Vsetín (Czech pronunciation: [ˈfsɛciːn]) is a town in the Zlín Region of the Czech Republic. It has around 26,000 inhabitants and lies on the Vsetínská Bečva river.
The area around Vsetín, called Vsetínsko, is spread out on the foothills of the Vsetín, Hostýn and Vizovice Highlands around the Bečva River. This area features the remains of log houses and cultural monuments of significant importance mainly in Vsetín itself.
The folk culture has been kept alive by Wallachian song and dance groups for many decades. Originally a small town, Vsetín has become an important centre of industrial, economic, cultural and sports life during the last century.
Prehistory and beginning settlement
The valleys surrounding the Bečva River in the Moravian-Slovak borderland were uninhabited until the Middle Ages. Man was discouraged from establishing permanent farm settlements in this region by its hilly landscape, deep forest valleys and forceful streams. Traces of settlement from primeval times in Vsetín and the surrounding area are therefore almost negligible.
The first historical records mentioning Vsetín originated in documents dated 1297–1308 and relate to the very beginning of settlement in this area. While records from 1297 mention the Vsetín region only as an area by the Bečva river, the document dated 1308 clearly describes it. In the aforesaid document a little town named Setteinz is mentioned with a church, a mill and the Freudsberg Castle and further colonization in the valley around Rokytnice is described. The Templar Knights owned Vsetín (Setteinz) at that time and rented it to Vok of Kravaře in 1308. The name of Wssetin appeared in documents from 1396 while the first entry of Vsetín Dominion in the provincial registry was implemented as late as 1505. Vsetín was successively held by other noble families, mainly of Cimburk (see the coat-of-arms in the picture), Saint Jura and Pezinek, Kunštát, Šelmberk, followed by nobility of Pernštejn, and others.
The process of colonization in the 13th and 14th centuries created the structure of the settlement in the area, followed by the "clearing" colonization from 16th century which led to the expansion of farm land at the expense of forests. During the same period, goat dairy-farming spread out from the south, along the Carpathian mountains, as the Vlach (Romanian) migration reached its peak. Though the Vlachs eventually lost their language, being linguistically assimilated, this migration contributed to the specific traditional culture and the establishment of the historic name of the region, "Wallachia" – see Moravian Wallachia.
Thirty Years' War
During the first half of the 15th century, a fortified settlement was built in the centre of today's Upper Town which was re-built into a castle at the beginning of the 17th century. Its high tower still dominates the town today. In 1609 Albrecht von Wallenstein (Valdštejn), a well-known Emperor's commander married a rich widow Lukrecia Nekšová of Landek and became the owner of Vsetín. He brought Jesuits to Vsetín dominion and initiated a strict re-Catholicisation among serfs. Religious suppression was linked with economic suppression, as well. The resistance of the serfs led Valdštejn to make concessions, among others was the issuing of the privilege from 1612 which changed the duty of statutory labour of the Vsetín serfs into permanent wages.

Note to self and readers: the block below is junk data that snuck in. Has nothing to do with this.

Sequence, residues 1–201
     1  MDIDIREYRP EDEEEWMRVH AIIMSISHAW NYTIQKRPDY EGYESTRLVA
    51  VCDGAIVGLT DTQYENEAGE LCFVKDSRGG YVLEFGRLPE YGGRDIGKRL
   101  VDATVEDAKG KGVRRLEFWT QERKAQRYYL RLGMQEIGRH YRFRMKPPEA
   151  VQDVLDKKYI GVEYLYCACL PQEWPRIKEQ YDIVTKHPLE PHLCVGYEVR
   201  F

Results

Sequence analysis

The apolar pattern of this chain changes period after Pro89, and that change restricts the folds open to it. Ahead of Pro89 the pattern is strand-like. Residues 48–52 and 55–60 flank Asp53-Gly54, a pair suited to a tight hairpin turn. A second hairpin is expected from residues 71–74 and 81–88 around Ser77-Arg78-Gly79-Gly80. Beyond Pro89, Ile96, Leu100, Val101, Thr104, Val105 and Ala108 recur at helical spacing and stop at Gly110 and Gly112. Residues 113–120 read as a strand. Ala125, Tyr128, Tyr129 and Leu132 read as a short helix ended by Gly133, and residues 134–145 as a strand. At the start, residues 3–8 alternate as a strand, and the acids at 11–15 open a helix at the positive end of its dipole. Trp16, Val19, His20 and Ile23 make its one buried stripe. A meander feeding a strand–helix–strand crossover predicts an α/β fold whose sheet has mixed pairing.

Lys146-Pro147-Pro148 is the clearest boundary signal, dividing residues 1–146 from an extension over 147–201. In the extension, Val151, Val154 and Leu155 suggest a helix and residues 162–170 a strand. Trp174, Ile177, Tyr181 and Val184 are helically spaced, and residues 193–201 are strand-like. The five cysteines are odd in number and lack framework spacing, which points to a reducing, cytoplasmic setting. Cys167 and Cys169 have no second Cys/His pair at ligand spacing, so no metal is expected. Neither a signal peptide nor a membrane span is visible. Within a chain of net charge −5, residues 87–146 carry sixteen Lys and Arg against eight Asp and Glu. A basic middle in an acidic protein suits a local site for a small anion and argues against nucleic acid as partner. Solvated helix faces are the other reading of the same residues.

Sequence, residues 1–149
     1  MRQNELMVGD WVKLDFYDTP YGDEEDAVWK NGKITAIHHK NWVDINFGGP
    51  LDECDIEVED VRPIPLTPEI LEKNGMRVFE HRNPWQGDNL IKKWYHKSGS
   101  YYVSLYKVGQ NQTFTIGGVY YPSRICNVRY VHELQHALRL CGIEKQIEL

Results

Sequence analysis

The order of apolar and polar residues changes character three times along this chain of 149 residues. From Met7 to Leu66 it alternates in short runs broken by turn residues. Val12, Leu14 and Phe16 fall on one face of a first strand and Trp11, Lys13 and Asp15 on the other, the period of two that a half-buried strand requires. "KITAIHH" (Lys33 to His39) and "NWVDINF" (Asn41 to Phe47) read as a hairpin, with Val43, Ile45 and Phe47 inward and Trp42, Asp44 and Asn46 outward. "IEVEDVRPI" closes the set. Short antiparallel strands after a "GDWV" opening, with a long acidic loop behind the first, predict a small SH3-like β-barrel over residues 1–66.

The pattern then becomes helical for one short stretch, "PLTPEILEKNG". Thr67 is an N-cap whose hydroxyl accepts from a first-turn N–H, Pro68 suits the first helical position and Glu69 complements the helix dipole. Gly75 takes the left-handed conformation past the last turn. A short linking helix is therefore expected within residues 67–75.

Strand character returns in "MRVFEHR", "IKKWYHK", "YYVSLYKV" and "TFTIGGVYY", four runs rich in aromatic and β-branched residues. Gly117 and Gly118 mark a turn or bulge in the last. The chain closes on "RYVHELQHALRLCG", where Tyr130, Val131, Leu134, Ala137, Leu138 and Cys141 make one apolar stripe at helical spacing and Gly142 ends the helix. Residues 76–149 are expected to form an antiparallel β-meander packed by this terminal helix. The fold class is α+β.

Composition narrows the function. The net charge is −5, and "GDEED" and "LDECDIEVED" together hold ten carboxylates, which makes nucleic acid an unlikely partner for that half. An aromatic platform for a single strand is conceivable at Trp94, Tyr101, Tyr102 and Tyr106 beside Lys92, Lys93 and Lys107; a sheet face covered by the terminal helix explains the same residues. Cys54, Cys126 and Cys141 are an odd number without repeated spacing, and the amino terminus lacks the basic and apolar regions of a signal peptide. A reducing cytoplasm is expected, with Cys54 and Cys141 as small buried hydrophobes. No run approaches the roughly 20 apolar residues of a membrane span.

The dissatisfaction of Wallachs, but also the betrayal Valdštejn experienced at the anti-Habsburg rebellion of the Moravian nobility, was the key reason for long-term Wallachian rebellions during the Thirty Years' War (see Moravian Wallachia#History). Vsetín became their centre. Rebels continually resisted despite Vsetín being burned and many people executed in 1627. By 1642 rebels were fighting shoulder to shoulder with the Swedish army, but at the end they were defeated on January 26, 1644 by the Emperor's army. Some 200 participants of the rebellion were executed in Vsetín and it remains one of the most dreadful in the nation's history. Vsetín and villages in a wide surrounding area were burned. Non-Catholic religion was a unifying element of the rebels and the importance of the rebellion, aimed at the noble objective of freedom of religious conscience was highly appreciated by John Amos Comenius, the Bishop of Unitas Fratrum and the key personality of post-Bílá Hora emigration.
In 1653 Vsetín became the property of well-known Hungarian noble family, the Earls of Illésházy, who owned it for almost 180 years and had the most profound impact on its development. During the era of Jan of Illésházy, the orthodox Catholic, Protestants repeatedly rebelled. The situation resulted in bloody rebellions and submission of petitions, even at the Emperor's Court, the last time in 1780 when the emperor, Josef II, visited Vsetín. It was not until the Tolerance Patent issued in 1781 when this atmosphere cooled down. Today, baroque statues and crosses in the town and surrounding area are reminders of Earl Jan of Illésházy's time.
Expansion and growth
As early as the Thirty Years' War, Vsetín extended from the original so-called Upper Town to the pastures spread out on the left bank of the Bečva river. In the 15th century a manor mill was founded here with a mill-race equipped with the "lapač" (a trap) for fishing. Today, a winter stadium called "Na Lapači" is situated here. Additionally, certain families of refugees from surrounding towns, mainly from Valašské Meziříčí, dramatically affected by war, settled in this location. This newly established settlement, called Lower Town, was granted a status of autonomous municipality, having the municipality magistrate as the only commonality with the existing Vsetín of that time. The Upper and Lower Towns often argued regarding such things as taxes, land and markets. One of the disputed pieces of land in the centre of the town is still called the "Svárov" (Place of Dispute). It was not until 1849 that the Upper and Lower Towns merged. In the meantime the town was devastated by the Turks and Tartars between 1663–1683, followed by Hungarian rebels. The year 1708 was the most dramatic moment as Hungarian rebels called Kuruci attacked the town and burned it almost to the ground. There were only burnt walls remaining of the original Castle. It took decades for Vsetín to recover from that damage.